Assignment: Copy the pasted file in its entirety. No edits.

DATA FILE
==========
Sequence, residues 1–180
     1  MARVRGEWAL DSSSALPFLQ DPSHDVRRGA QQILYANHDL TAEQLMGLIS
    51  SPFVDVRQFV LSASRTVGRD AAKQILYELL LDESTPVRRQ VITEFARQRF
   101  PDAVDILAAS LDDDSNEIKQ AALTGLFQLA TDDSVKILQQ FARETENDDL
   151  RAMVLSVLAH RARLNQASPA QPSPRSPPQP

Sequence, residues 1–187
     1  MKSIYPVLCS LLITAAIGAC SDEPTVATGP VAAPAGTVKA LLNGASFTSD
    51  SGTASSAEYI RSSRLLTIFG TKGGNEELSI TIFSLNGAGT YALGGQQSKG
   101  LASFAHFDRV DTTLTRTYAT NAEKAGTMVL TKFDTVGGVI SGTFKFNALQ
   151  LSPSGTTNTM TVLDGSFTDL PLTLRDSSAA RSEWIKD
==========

Sequence, residues 1–180
     1  MARVRGEWAL DSSSALPFLQ DPSHDVRRGA QQILYANHDL TAEQLMGLIS
    51  SPFVDVRQFV LSASRTVGRD AAKQILYELL LDESTPVRRQ VITEFARQRF
   101  PDAVDILAAS LDDDSNEIKQ AALTGLFQLA TDDSVKILQQ FARETENDDL
   151  RAMVLSVLAH RARLNQASPA QPSPRSPPQP

Sequence, residues 1–187
     1  MKSIYPVLCS LLITAAIGAC SDEPTVATGP VAAPAGTVKA LLNGASFTSD
    51  SGTASSAEYI RSSRLLTIFG TKGGNEELSI TIFSLNGAGT YALGGQQSKG
   101  LASFAHFDRV DTTLTRTYAT NAEKAGTMVL TKFDTVGGVI SGTFKFNALQ
   151  LSPSGTTNTM TVLDGSFTDL PLTLRDSSAA RSEWIKD